Over the last two years of The Ugly Fruit and Veg Campaign, I have received hundreds of messages from all around the world. Messages came from people inspired to get involved, college or high school students working on a paper in need of answers and, yes, folks looking to buy ugly produce (even though I don’t sell it). Messages also came from teachers that are talking about “ugly” produce with their young grade school students. Why? Because kids love ugly fruit, and they know that wasting good food, based mostly on the way it looks, is just plain wrong.
There are many other reasons that stopping the waste of perfectly good fruits and veggies—at least 20 percent due to cosmetic imperfections, farmers estimate—resonates with children. It could be that they see the awesome character these fruits and vegetables possess. They certainly have fun with them—“ugly” heart potatoes, curvy cucumbers, and many more (as parents tell me or show me all the time). It’s my hope that children are also getting the message that, just like people, it’s what’s on the inside that counts. Produce Body Positive, if you will.
Children’s interest in “ugly” produce is also something that seems to transcend countries and cultures the world over. I was interviewed for a class project by a parent from Dubai who was working at her daughter’s school; by my cousin who teaches in Alameda, California, and saw my images and campaign in a Time for Kids article; and a teacher from Ontario, Canada, who used images from my campaign to talk about the intersection food insecurity and food waste with her students.
However, one class, in particular, recently struck a chord with me. I was contacted by a teacher at the British Vietnamese International School (BVIS) in Ho Chi Minh City, Vietnam. Theteacher, Rachael Moss, mentioned that her students had read about my Ugly Fruit and Veg Campaign and the massive issue of wasted ugly produce. The students were appalled and wanted to do something it.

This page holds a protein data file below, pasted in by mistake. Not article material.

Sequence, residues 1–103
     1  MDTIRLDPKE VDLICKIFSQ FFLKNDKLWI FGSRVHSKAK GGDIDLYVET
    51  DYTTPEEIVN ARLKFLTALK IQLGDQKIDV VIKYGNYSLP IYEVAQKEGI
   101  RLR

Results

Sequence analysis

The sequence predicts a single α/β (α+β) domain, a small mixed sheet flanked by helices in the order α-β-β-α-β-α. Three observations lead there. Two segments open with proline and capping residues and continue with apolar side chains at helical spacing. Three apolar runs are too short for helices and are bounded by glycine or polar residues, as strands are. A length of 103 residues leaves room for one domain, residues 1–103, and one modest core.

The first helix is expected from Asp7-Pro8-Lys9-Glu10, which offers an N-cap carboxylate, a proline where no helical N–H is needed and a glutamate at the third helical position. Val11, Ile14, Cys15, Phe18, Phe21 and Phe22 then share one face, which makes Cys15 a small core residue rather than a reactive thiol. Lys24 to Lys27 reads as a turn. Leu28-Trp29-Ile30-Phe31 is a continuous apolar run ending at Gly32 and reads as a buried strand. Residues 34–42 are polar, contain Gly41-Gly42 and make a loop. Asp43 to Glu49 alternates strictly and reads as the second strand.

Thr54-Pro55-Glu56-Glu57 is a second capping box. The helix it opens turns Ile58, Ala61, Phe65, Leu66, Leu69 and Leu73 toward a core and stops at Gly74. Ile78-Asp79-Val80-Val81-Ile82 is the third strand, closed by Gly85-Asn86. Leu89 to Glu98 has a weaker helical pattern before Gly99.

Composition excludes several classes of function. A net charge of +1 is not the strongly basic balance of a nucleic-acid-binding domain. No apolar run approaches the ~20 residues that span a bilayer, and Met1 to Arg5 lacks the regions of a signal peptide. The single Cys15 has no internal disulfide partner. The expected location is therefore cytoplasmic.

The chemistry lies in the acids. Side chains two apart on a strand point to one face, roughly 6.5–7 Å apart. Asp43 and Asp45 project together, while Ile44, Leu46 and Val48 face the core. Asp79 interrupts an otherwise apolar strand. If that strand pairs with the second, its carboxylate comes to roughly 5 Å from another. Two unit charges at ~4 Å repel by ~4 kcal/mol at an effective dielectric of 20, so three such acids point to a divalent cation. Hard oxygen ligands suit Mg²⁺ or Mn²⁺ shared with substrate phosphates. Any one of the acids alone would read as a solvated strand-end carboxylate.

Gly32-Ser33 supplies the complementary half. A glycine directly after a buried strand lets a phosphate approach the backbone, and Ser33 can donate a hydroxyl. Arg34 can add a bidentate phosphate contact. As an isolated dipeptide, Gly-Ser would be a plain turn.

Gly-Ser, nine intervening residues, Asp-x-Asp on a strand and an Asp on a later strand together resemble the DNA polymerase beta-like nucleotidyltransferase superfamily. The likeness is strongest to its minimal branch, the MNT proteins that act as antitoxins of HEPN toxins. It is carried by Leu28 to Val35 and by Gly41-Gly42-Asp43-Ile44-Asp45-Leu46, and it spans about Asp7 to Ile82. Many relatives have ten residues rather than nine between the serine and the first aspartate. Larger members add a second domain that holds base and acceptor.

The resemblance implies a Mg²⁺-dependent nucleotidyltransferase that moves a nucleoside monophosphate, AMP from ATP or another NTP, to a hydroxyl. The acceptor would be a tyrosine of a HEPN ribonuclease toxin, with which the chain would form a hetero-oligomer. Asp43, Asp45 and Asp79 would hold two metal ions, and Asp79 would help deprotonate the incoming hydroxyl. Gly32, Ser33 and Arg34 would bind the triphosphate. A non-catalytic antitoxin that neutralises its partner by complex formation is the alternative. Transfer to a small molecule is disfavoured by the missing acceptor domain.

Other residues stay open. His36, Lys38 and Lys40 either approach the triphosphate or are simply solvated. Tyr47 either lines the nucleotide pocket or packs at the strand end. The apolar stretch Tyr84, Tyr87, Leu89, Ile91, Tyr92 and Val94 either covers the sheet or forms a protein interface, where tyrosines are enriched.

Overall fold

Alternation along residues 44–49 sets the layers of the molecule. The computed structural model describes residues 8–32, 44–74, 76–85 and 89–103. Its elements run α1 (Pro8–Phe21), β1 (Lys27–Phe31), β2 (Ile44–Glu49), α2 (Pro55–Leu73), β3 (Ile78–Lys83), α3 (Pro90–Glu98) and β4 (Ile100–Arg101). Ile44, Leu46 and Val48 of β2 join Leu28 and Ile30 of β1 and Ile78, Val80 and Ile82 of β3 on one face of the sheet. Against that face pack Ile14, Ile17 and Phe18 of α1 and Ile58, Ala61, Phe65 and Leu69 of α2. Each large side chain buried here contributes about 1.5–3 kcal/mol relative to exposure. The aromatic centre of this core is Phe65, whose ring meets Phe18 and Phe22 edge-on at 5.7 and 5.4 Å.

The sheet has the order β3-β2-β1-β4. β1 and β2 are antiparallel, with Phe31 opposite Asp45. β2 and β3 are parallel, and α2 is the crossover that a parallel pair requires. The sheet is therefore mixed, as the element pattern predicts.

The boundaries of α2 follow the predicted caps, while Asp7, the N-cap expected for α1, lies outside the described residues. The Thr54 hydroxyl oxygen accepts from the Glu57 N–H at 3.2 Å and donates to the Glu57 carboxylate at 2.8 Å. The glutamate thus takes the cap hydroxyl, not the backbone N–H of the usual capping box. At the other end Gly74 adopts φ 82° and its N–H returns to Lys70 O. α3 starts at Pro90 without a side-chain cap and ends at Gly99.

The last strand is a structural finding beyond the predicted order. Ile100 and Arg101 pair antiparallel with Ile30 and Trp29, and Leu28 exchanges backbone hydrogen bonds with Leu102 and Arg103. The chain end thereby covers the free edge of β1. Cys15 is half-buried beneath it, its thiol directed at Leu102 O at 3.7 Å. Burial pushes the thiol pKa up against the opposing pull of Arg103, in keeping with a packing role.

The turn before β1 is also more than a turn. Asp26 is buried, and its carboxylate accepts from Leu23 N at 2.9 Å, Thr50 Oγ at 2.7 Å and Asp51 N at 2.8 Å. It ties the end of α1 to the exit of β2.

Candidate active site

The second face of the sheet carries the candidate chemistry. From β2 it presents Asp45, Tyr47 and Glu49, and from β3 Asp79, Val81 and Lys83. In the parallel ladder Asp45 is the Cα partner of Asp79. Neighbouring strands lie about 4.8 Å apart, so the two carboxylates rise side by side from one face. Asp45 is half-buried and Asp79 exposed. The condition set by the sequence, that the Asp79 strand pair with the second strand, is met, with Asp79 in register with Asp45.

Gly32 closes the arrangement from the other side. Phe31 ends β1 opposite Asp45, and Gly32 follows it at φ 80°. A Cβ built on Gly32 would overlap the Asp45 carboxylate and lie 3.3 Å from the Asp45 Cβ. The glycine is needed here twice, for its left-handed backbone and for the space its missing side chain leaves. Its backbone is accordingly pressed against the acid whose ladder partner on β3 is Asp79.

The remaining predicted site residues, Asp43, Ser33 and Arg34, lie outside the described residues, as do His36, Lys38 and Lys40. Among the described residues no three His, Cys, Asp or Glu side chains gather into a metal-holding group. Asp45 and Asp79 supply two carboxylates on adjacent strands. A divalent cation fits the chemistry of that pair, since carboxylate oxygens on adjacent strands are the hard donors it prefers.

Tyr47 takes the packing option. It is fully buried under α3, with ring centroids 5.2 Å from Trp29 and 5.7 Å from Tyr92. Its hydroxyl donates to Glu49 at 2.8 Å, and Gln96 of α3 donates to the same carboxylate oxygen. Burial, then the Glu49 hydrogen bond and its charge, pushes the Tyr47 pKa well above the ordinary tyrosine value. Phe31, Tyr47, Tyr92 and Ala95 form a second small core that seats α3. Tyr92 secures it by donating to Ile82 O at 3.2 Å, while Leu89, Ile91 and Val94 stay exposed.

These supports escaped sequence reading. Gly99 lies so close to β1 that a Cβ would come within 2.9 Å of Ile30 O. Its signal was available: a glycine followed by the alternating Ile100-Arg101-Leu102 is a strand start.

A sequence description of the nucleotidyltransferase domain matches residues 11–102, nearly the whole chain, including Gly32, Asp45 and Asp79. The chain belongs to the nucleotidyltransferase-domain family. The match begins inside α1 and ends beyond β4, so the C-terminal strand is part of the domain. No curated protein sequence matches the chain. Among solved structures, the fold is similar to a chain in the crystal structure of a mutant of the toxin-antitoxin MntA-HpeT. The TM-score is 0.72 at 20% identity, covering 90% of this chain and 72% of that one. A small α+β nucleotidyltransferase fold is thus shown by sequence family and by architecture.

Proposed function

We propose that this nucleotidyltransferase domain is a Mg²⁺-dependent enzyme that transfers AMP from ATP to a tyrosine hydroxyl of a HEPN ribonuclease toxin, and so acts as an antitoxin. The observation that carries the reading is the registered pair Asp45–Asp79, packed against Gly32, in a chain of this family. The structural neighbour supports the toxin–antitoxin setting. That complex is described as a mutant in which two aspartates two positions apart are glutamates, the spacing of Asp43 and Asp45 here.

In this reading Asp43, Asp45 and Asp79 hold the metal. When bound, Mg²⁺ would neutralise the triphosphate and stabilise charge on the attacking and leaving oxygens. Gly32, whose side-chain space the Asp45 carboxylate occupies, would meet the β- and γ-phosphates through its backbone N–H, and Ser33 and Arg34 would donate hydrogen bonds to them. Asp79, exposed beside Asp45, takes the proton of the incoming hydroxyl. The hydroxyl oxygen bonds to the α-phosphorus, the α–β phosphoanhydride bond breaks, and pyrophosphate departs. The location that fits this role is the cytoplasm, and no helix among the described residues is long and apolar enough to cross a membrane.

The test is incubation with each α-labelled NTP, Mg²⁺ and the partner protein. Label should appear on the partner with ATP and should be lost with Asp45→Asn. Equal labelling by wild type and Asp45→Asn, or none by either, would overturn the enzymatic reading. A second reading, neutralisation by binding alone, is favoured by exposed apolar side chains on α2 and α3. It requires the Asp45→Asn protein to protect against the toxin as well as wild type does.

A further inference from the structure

The young children at BVIS decided they would write letters to major supermarkets to get them to sell ugly produce instead of rejecting or wasting it. But first, they wanted to send their draft letters to me via email. It was so sincere and inspiring—letters from eight and nine-year-old students learning English—that I answered all 50 students! The letters are so great that I think they may inspire you, too.
While I was even starting to write this, another motivated eight-year-old from Southern California sent me a great video message (and “We Are Fruit, We All Are Cute!” song) that she and her friend put together. Then yet another student, a 12-year-old boy from Australia, asked me for some images for his “ugly” produce paper he planned to write to apply for a national science award.
While there has been a lot of supermarket progress in selling ugly produce over the last few years, there hasn’t been such innovation in our schools. Schools could see the biggest benefits of ugly produce: saving money (since “ugly” is available for less), while providing more produce and healthy plant-based meals for students. The Washington, D.C., School District knows this well as they have been working with D.C. Central Kitchen for years on healthy plant-based meals from “ugly” produce.
The positive health impacts of introducing “ugly” produce and incorporating more healthy produce into school meals could provide massive long-term benefits. It was recently found that eating less meat (and therefore more fruits and vegetables) could save the world up to US$31 trillion dollars (via health and environmental costs) and reduce global mortality by up to 10 percent, as well.
So why not introduce fun, character, and nutrition-filled “ugly” produce in schools (or at home!) and make it more fun for our children to eat healthy fruits and veggies? Whether in Australia, Canada, Dubai, America, Vietnam, or anywhere in between, students know that throwing away perfectly good, fresh, and tasty fruits and veggies just because of looks is flat out wrong. Let our kids try ugly produce and tell us what they think. Because kids really do love ugly fruit (and veg), and as BVIS 4V Teacher Rachael Moss said, “There is nothing more powerful than the honest voice of children.”
Please join my new campaign by visiting www.KidsLoveUglyFruit.org (with kids everywhere!), using the hashtag #KidsLoveUglyFruit on social media, and by sharing your stories, images, and produce to inspire the world.